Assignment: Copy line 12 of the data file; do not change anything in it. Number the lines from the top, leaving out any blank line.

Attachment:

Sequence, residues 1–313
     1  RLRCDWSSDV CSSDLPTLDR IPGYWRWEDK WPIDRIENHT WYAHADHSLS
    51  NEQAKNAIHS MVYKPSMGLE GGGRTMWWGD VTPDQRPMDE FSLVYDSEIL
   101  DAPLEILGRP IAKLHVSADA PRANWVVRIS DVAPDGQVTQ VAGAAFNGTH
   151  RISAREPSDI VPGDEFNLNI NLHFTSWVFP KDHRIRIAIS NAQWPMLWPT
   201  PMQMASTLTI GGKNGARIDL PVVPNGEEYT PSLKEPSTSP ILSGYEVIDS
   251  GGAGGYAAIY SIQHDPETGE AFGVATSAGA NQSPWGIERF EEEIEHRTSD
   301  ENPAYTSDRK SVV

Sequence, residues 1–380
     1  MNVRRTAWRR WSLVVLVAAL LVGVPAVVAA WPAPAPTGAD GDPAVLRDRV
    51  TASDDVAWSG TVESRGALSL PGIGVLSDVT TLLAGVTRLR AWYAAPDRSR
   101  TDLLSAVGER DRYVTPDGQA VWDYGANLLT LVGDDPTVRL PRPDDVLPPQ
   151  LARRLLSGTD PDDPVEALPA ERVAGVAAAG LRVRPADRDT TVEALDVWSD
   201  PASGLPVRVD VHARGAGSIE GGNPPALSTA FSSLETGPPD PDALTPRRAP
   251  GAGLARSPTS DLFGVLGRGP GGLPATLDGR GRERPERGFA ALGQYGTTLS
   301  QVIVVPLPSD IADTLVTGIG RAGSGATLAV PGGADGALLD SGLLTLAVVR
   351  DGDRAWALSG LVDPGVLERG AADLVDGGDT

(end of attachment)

   101  TDLLSAVGER DRYVTPDGQA VWDYGANLLT LVGDDPTVRL PRPDDVLPPQ